The Long Way to a Small Angry Planet is everything I could ever want a sci-fi space travel story to be. This will be a short review because that sentence about sums it up. It’s fun, features interesting and well-developed characters, is well written, and even manages to develop romantic inter-species relationships without ever being cheesy or cringe-y or uncomfortable to read. I absolutely loved everything about it!
I saw this in other reviews and then almost immediately noticed it myself when I started reading, but The Long Way to a Small Angry Planet is driven almost entirely by character development while the plot is kind of a background device. There are events that motivate the characters and give the narrative direction, but for the most part, you’re reading to learn about the individuals on the ship: how they ended up there, what their home worlds are like, and how their relationships with each other grow and evolve. As the Wayfarer (the crew’s ship) stops at different planets and space stations on its travels, you get to meet all kinds of different species with fascinating histories. If you’re worried that a 400-page novel driven almost exclusively by character development sounds boring, don’t be. It’s insanely fun while still addressing serious topics, never drags, and reflects open-minded feminist thinking (it’s awesome reading a book where you can almost forget gender stereotyping even exists!!).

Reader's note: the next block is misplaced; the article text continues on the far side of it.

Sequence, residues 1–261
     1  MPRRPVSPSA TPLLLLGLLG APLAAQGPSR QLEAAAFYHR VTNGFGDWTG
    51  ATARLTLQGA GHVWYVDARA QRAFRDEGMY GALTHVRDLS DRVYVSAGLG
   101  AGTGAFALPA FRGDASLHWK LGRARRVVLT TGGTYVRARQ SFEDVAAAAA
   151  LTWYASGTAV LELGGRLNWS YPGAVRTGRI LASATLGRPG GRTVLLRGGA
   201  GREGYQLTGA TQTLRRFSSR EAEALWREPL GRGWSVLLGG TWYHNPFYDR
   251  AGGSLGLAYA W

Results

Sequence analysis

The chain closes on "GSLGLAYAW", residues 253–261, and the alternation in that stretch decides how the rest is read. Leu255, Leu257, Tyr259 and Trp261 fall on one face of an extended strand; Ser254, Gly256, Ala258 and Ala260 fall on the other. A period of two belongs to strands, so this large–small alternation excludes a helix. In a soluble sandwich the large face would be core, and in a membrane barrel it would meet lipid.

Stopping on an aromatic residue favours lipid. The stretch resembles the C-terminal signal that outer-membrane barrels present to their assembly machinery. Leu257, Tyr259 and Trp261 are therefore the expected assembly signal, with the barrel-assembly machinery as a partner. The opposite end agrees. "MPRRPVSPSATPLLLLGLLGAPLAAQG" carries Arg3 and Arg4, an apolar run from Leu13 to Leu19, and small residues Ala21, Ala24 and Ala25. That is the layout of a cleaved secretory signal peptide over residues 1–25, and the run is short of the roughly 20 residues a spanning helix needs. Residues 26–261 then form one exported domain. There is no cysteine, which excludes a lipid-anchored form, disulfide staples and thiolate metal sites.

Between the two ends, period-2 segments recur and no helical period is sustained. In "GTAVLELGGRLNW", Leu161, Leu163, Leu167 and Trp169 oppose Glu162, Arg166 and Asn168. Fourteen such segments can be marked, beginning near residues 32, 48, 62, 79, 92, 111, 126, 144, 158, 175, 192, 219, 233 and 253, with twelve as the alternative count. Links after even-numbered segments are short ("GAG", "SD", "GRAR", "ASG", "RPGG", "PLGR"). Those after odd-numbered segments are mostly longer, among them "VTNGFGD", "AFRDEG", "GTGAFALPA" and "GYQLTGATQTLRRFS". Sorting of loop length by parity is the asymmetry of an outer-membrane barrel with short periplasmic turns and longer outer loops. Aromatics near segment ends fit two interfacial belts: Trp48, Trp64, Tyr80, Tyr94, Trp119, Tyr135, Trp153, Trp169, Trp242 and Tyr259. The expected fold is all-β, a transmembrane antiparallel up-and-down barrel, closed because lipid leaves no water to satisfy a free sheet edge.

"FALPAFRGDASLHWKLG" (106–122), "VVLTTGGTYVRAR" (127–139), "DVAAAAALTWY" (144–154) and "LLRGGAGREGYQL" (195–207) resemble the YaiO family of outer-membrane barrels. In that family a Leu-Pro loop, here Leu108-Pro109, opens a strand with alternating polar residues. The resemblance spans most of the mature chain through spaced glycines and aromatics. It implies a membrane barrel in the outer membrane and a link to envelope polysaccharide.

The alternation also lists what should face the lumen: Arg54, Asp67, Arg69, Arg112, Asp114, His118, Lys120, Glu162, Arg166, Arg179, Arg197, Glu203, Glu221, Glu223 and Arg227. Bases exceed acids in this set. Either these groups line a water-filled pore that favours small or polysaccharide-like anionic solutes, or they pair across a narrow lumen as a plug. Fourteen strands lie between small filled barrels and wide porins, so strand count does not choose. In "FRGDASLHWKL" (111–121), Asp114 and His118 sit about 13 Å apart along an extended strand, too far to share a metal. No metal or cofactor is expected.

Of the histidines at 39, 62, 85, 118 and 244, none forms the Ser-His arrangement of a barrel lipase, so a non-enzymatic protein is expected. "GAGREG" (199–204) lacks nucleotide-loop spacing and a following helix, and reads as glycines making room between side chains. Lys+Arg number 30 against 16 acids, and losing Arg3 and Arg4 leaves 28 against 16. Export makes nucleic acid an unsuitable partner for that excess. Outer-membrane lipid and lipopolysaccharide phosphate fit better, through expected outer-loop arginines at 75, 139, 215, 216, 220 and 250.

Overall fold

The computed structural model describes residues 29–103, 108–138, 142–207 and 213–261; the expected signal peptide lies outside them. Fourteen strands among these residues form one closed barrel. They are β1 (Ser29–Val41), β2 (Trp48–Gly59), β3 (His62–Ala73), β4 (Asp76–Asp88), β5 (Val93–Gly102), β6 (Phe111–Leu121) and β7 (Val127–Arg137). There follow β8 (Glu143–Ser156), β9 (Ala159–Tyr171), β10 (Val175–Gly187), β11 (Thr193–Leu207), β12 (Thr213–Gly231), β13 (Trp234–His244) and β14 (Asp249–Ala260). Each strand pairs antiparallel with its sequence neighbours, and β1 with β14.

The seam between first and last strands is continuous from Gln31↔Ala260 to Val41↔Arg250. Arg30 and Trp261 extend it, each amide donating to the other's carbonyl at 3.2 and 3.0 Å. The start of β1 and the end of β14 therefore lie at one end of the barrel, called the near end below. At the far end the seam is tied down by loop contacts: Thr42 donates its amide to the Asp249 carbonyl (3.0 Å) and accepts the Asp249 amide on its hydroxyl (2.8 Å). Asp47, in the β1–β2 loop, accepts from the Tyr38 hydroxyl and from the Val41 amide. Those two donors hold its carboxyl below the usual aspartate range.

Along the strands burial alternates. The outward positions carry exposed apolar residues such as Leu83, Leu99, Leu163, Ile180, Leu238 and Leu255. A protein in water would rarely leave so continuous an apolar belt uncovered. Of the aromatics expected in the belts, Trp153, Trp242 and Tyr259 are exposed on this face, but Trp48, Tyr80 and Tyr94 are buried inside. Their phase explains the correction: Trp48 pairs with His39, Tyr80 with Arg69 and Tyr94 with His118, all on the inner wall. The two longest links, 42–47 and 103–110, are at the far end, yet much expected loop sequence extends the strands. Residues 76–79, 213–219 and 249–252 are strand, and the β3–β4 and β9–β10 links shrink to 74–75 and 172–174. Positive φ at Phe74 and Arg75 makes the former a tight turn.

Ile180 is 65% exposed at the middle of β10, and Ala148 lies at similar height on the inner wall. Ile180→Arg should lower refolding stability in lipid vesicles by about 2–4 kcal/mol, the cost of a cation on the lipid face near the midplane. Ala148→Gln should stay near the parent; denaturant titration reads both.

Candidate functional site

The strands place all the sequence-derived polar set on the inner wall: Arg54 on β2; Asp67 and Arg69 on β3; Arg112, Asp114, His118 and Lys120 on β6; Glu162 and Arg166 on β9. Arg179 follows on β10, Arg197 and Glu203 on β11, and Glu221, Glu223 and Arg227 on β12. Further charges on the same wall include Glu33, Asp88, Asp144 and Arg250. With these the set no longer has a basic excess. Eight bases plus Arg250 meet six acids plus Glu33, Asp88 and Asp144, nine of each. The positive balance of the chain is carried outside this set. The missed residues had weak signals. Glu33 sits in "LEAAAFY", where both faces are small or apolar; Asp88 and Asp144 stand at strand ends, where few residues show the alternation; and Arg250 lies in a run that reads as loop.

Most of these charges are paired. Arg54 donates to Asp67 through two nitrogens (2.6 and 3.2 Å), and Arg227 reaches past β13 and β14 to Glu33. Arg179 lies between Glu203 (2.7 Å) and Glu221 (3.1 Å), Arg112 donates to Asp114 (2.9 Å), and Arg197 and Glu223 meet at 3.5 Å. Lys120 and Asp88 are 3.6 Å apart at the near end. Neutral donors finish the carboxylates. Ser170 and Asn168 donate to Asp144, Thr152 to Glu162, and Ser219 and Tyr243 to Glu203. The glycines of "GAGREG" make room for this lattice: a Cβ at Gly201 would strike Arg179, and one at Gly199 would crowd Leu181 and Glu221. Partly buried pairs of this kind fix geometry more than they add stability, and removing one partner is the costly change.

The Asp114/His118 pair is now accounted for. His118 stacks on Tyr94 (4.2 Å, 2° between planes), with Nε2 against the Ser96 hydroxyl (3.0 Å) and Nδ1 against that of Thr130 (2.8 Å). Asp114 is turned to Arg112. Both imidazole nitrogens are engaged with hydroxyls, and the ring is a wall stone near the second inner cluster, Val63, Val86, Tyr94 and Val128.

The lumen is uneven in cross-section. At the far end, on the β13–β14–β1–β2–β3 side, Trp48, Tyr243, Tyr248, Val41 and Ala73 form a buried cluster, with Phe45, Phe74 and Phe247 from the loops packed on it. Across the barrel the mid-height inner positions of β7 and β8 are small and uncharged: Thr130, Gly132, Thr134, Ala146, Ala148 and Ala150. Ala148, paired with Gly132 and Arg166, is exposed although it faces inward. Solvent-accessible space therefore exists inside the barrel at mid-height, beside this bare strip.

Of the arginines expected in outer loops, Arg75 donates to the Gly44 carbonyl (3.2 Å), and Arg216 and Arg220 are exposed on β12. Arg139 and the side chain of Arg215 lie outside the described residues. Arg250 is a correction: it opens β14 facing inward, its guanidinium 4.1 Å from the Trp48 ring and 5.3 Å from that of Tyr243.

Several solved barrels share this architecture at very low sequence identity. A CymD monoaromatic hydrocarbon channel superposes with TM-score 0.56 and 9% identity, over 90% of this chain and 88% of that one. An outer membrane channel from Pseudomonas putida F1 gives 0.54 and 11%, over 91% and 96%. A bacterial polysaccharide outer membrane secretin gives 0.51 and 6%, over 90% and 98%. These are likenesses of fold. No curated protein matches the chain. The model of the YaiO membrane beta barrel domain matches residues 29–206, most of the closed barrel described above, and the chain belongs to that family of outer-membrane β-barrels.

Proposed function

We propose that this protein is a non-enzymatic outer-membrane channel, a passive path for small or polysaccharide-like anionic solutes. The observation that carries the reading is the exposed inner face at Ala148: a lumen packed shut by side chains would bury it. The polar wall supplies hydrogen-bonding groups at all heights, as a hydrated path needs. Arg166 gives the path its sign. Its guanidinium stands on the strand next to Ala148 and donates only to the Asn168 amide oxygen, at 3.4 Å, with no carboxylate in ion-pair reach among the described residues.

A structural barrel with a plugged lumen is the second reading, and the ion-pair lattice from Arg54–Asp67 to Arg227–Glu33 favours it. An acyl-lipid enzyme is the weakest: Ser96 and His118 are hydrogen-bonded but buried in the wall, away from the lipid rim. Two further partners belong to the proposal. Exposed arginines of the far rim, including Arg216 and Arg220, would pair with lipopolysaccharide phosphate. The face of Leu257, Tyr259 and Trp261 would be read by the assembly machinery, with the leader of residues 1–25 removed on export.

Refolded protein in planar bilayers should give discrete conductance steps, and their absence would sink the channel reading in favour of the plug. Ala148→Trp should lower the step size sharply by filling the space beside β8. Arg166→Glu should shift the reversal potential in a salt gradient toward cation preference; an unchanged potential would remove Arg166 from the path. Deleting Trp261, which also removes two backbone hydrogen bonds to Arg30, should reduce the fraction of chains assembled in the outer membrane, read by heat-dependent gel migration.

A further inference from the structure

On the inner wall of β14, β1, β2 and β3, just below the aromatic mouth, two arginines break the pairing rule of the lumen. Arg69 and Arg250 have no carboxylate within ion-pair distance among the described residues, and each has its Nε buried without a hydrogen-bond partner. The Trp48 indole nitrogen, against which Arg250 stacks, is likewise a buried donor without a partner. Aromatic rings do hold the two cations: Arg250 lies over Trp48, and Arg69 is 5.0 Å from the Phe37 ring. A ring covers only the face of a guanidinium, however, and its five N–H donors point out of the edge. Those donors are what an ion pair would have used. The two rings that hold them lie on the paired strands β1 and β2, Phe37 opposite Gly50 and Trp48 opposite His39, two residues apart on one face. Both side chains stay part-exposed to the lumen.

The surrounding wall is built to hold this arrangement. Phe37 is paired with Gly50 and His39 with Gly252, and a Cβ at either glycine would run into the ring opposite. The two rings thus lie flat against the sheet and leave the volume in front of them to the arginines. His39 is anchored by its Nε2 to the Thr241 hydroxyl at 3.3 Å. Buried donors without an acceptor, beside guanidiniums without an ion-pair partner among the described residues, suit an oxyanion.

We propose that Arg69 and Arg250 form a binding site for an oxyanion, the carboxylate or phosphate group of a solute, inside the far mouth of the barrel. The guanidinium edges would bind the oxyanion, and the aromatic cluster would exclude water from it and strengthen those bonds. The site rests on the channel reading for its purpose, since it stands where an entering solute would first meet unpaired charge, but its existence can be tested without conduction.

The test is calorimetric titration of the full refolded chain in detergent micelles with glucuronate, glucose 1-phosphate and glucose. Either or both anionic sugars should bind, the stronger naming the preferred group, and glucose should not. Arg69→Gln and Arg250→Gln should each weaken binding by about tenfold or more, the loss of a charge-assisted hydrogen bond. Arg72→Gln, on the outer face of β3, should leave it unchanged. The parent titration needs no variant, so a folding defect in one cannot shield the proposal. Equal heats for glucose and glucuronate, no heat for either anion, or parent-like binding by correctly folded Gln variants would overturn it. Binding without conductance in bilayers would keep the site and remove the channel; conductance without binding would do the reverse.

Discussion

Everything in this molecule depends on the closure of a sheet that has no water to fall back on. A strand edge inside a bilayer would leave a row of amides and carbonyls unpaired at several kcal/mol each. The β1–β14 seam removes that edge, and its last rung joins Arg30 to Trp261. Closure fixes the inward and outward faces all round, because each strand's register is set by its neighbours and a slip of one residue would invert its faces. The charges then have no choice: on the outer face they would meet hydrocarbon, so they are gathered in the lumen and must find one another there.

Links: Becky Chambers .com | Goodreads | Amazon
You’ll like this book if you like: Character-driven plots, Space Opera, Sci-Fi, Space travel plots, Alien sex
As a lover of science-fiction, I’ve been looking forward to reading Octavia Butler, a black woman and powerful voice in science-fiction, for this blog and in general. I chose to start with Dawn for no particular reason, and with little idea of what to expect from it.
There’s more than one way to make a novel engaging and interesting to a reader. The intrigue found in Dawn is in the vastness of the imagination required to envision this future, and Butler’s ability to connect this strange, imagined future with the world as we know it today. I turn the page because the things Butler comes up with and the detail to which they’re thought through is fascinating. It’s fascinating and thought-provoking, but its not the type of novel I fall in love with.
With that said, Dawn is a powerful novel. It forces you to question what makes us human, what is central to our humanity. Is it what we look like, who we love, how we reproduce? Is it in part our capacity for violence? Our ability to lie and deceive and therefore distrust? The intelligent alien species in Dawn, the Oankali, say that humans are defined by two incompatible traits that lead to our destruction: we are intelligent and we are hierarchical, an analysis that is hard to argue with.
Butler’s writing style is straightforward and non-emotional. I would almost be inclined to compare it to science writing in how matter-of-fact it is, but it is much more than that. She has a way of explaining things both artfully and exceptionally clearly. Phrases like “strangely gentle chaos” capture a scene perfectly. While Dawn was a book that took me awhile to get through because I never became fully absorbed in it, it is also a book I doubt I’ll ever forget. It’s creative and imaginative and powerful, and I intend to pick up another Octavia Butler novel for this blog in the future.
Links: Octavia Butler .org | Goodreads | Amazon
You’ll like this book if you like: True science fiction, un-emotional writing style, biological sciences, dystopian futures